Conditions we treat

Parkinson’s Disease (PD)

PD is a neurological movement disorder that has both motor (movement) and non-motor symptoms. Classically, the primary symptom of PD is shaking although other motor symptoms including rigidity and slow movement are common. Treatments for PD involves making lifestyle changes and medications. For some patients, deep brain stimulation can be an option.

Click here to learn more about PD.

Essential Tremor (ET)

ET is the most common movement disorder and it increases with age. The exact causes of ET are not yet fully understood. It usually involves shaking of the hands when certain postures are adopted. It can be treated using medication, or in some cases using deep brain stimulation.

Click here to learn more about ET.


The term ‘dystonia’ refers to abnormal involuntary postures and/or movements of the limbs or trunk originating from movement control centres in the brain. They can be generalised, affecting the entire body, or focal, affecting only a specific area of the body or group of muscles.

Orthostatic tremor (OT)

Primary orthostatic tremor, also known as orthostatic tremor (OT), is a distinct tremor syndrome characterised by high frequency tremor, predominantly in the legs when in a standing position, and an immediate sense of instability which is relieved by sitting down. When symptoms are bad enough OT can be disabling, but treatment is available.

Spasmodic Dysphonia

Spasmodic dysphonia (SD) belongs to the dystonia family of neurological disorders. SD is task-specific, which means the muscles spasm only when they are used for particular actions and not when they are at rest. When a person with dysphonia attempts to speak, involuntary spasms in the tiny muscles of the larynx cause the voice to break up or sound strained, tight, strangled, breathy, or whispery.

Tourette Syndrome/Tics

Tourette Syndrome is characterised by quick or sudden movements or sounds that are repeated for no apparent reason. These movements or sounds are called “tics”. Tics cannot be controlled, and some people with tics may not even be aware of the movements or sounds they make.

Tardive dyskinesia

Tardive dyskinesia is caused by the long-term use of neuroleptic drugs. These are generally prescribed for psychiatric disorders, as well as for some gastrointestinal and neurological disorders. Tardive dyskinesia is characterised by repetitive, involuntary, purposeless movements, and may include grimacing, tongue protrusion, lip smacking, puckering and pursing, and rapid eye blinking. Rapid movements of the arms, legs, and trunk may also occur.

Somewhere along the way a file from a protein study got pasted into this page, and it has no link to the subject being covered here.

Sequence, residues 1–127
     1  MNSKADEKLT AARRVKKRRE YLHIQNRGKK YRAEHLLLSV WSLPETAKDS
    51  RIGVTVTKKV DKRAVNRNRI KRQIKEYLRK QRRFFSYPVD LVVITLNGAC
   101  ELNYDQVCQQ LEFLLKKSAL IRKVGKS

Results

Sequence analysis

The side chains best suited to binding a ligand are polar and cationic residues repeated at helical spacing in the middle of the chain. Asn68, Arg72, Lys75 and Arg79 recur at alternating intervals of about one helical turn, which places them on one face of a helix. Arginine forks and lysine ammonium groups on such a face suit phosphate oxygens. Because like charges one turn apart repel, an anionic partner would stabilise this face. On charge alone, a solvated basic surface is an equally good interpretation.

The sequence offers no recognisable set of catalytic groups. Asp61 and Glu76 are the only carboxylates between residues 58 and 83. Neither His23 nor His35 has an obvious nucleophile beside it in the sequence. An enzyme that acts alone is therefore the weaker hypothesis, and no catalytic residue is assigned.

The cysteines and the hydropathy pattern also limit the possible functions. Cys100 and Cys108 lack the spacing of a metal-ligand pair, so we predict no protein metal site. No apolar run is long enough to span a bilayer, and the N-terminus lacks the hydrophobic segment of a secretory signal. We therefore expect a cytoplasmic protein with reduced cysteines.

Blepharospasm is the forced, sustained, and involuntary closure of the eyelids. It stems from a number of causes, beginning with dry eyes, and may progress to a state where a person is legally blind.

Headache and Migraine

There are many different types of headaches and generally they can be separated into primary and secondary headaches. Primary headaches include migraines and are diagnoses in and of themselves, compared to secondary headaches which are a result of an underlying disease or condition.

Click here to visit the Perth Migraine Specialist website for information on headache and migraine

Conditions we do not treat


Multiple sclerosis

Peripheral neuropathies

Ischaemic or haemorrhagic stroke


Neuromuscular disorders


Botulinum toxin

Botulinum toxin is a toxin produced by the bacteria Clostridium botulinum and can be used as an effective treatment for a number of conditions. In particular, botulinum toxin can be used to relieve symptoms in the treatment of migraine, blepharospasm, cervical dystonia and hemifacial spasm.

Click here to learn more about the uses of botulinum toxin.

Deep brain stimulation (DBS)

DBS involves placing small electrodes into specific areas of the brain to alleviate motor symptoms. Dr Julian Rodrigues has extensive experience in using DBS to treat patients with movement disorders.

Click here to learn more about DBS.